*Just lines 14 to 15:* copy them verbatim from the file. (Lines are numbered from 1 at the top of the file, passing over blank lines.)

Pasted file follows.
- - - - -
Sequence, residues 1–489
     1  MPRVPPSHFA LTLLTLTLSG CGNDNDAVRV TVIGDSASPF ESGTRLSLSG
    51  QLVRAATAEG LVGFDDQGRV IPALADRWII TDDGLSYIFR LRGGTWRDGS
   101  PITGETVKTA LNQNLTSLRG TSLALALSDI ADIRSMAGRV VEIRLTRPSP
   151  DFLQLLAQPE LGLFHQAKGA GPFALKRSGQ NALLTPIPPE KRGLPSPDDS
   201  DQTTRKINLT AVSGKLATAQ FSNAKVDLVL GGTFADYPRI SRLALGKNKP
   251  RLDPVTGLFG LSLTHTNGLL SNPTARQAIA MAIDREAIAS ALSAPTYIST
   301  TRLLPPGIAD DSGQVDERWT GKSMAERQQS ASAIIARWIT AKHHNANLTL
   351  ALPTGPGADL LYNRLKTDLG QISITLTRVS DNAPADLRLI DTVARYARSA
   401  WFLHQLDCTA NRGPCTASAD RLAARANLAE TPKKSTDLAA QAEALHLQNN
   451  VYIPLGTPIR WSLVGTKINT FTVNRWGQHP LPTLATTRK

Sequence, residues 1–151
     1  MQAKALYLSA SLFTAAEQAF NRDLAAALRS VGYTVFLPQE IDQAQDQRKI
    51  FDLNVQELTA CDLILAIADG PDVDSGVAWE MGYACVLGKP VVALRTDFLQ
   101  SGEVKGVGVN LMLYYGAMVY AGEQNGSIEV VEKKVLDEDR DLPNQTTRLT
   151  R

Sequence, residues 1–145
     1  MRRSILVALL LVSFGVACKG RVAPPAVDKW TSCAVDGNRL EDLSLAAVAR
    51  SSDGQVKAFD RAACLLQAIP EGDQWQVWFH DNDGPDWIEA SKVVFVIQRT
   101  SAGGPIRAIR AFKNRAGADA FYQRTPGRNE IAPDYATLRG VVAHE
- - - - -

    51  FDLNVQELTA CDLILAIADG PDVDSGVAWE MGYACVLGKP VVALRTDFLQ
   101  SGEVKGVGVN LMLYYGAMVY AGEQNGSIEV VEKKVLDEDR DLPNQTTRLT